George J. Ames '37:   Financier and   Philanthropist
Those Were the Days,   My Friend!


Roar, Lion Roar!

Nicole Marwell '90
Mignon Moore '92
Joshua Harris Prager   '94
Cristina Teuscher '00

Back in the Classroom

By Laura Butchy

Mignon Moore '92 (left) and Nicole Marwell '90 are back teaching at Columbia
Mignon Moore '92 (left) and Nicole Marwell '90 are back at Columbia as members of the faculty.

What's a sociologist to do? For Mignon Moore '92, Nicole Marwell '90, Mary Pattillo-McCoy '91 and Sandra Smith '92, the answer was a Ph.D. from the University of Chicago, one of the top sociology programs in the country. Now two of them, Moore and Marwell, have returned to their alma mater on the other side of the classroom.

According to Moore, who was a John Jay Scholar at the College, teaching several courses while completing her sociology major stimulated her interest in research and led her to enroll in graduate school immediately upon graduation. Moore joined Columbia's sociology department in January 2000 as the second alumna - and first African-American alumna - to return to the College as a faculty member. She now holds a tenure-track position as an assistant professor of sociology and is the undergraduate director of African-American Studies.

"My undergraduate experience at Columbia was so rewarding," Moore says. "I looked forward to my return as an alumna. I also think it is important for all of our students to see women and people of color in professorial roles."

Marwell, a religion major, rejoined Columbia in a joint position in sociology and Latino studies six months after Moore.

"Columbia, by virtue of its location in New York City, gave me outstanding opportunities to learn from the city and its wide variety of communities," Marwell says. "It fostered a love of city life and a certain sense of adventure and openness, all of which have been critical to my work as a sociologist studying urban Latino communities and organizations."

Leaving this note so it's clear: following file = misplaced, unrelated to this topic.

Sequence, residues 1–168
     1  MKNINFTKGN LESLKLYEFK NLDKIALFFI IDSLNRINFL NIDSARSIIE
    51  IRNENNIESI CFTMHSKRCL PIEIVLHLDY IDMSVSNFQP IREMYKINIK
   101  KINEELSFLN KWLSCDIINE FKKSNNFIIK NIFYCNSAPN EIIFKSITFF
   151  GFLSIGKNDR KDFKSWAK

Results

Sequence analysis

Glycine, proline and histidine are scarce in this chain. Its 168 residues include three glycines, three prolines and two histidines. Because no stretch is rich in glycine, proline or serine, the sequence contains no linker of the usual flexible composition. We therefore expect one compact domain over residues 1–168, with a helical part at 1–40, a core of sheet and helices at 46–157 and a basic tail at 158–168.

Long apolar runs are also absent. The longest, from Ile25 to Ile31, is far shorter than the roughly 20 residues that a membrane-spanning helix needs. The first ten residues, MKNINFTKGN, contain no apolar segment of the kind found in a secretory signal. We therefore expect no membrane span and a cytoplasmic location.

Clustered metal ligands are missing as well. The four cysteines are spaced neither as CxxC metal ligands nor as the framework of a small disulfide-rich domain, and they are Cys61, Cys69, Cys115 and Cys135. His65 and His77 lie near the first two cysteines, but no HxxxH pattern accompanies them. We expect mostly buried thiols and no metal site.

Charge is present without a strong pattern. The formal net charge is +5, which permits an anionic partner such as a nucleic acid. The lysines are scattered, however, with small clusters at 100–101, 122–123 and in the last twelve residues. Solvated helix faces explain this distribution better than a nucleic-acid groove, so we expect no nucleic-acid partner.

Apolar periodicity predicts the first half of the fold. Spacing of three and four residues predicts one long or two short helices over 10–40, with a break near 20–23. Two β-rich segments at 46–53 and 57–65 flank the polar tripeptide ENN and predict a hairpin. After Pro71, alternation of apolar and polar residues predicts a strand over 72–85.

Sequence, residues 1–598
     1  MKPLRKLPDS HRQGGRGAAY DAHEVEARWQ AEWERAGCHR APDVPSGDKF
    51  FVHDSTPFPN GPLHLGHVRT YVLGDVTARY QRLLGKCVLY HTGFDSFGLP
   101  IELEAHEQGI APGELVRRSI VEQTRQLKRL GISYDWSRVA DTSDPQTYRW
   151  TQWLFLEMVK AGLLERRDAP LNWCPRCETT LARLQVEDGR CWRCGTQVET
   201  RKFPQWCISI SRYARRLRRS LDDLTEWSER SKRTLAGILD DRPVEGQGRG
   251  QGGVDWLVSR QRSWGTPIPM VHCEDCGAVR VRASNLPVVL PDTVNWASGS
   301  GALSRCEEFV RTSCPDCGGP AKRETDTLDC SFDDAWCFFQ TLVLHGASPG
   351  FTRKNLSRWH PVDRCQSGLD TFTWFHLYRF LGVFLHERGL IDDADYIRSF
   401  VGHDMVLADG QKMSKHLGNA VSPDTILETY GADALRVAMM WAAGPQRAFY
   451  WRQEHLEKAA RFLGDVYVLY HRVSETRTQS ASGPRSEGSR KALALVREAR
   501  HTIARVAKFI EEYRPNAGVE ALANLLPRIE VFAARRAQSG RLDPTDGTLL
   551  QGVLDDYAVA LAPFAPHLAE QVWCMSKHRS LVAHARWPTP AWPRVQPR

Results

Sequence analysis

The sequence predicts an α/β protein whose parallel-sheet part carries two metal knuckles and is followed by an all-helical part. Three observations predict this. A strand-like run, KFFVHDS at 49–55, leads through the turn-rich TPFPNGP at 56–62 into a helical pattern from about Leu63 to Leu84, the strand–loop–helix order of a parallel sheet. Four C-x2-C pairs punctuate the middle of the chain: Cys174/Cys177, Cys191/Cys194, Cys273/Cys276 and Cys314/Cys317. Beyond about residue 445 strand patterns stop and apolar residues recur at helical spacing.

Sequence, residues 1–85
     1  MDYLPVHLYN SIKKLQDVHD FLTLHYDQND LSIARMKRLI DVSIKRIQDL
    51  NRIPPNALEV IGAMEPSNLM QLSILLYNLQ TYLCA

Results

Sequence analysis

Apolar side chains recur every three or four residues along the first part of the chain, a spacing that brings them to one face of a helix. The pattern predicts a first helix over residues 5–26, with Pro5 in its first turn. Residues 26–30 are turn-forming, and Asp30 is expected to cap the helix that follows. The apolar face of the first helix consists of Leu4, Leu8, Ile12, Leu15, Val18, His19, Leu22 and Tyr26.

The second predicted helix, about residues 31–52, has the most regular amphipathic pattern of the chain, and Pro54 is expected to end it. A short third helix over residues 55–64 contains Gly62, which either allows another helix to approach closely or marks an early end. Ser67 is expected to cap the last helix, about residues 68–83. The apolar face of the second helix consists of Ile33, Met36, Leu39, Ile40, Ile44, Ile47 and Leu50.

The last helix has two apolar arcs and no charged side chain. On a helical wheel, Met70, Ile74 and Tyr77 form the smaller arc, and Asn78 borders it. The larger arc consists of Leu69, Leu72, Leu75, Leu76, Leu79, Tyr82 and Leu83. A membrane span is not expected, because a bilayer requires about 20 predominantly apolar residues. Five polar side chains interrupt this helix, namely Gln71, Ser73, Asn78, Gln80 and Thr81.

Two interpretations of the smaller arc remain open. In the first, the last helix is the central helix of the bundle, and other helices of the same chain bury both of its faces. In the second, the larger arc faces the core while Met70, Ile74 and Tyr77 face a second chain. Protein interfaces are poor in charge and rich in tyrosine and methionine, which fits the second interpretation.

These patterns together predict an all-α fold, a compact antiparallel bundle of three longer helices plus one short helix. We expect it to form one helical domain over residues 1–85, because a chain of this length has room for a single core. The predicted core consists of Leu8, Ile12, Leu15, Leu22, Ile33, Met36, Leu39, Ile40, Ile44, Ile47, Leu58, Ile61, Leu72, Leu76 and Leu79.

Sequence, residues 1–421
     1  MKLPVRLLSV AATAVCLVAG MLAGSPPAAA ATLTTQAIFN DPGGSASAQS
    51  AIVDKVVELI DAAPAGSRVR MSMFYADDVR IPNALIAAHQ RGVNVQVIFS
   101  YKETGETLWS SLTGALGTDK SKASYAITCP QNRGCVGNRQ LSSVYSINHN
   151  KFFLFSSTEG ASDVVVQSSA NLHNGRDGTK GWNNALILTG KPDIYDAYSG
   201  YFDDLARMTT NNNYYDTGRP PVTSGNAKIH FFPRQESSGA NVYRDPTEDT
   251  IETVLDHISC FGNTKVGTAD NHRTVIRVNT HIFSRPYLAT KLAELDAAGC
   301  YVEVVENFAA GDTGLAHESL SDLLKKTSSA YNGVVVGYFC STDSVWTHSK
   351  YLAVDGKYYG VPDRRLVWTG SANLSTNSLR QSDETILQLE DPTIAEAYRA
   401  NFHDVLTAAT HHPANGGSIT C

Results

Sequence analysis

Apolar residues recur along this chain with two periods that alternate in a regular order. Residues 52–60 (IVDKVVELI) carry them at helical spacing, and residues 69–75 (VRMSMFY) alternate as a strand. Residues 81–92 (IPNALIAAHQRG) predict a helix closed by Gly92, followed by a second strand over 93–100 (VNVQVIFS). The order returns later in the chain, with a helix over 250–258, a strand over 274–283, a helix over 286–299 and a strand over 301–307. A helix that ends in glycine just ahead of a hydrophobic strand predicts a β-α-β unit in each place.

After a year spent working at the Museum of Contemporary Hispanic Art in Brooklyn, she, too, began graduate school in Chicago. There she was reunited with Patillo-McCoy and met Moore and Smith, who were already friends from their days at Columbia.

Marwell and Moore have become closer since returning to teach in the same department. Smith also has returned to New York, as an assistant professor of sociology at NYU. Patillo-McCoy serves as assistant professor of sociology and African-American studies at Northwestern and has published her first book, Black Picket Fences: Privilege and Peril Among the Black Middle Class.

"Frankly, it's still a little freaky in terms of negotiating the change in status between being a student and being a professor," Marwell says of teaching at her alma mater, "but the students have been great, and I think I'm settling in well."


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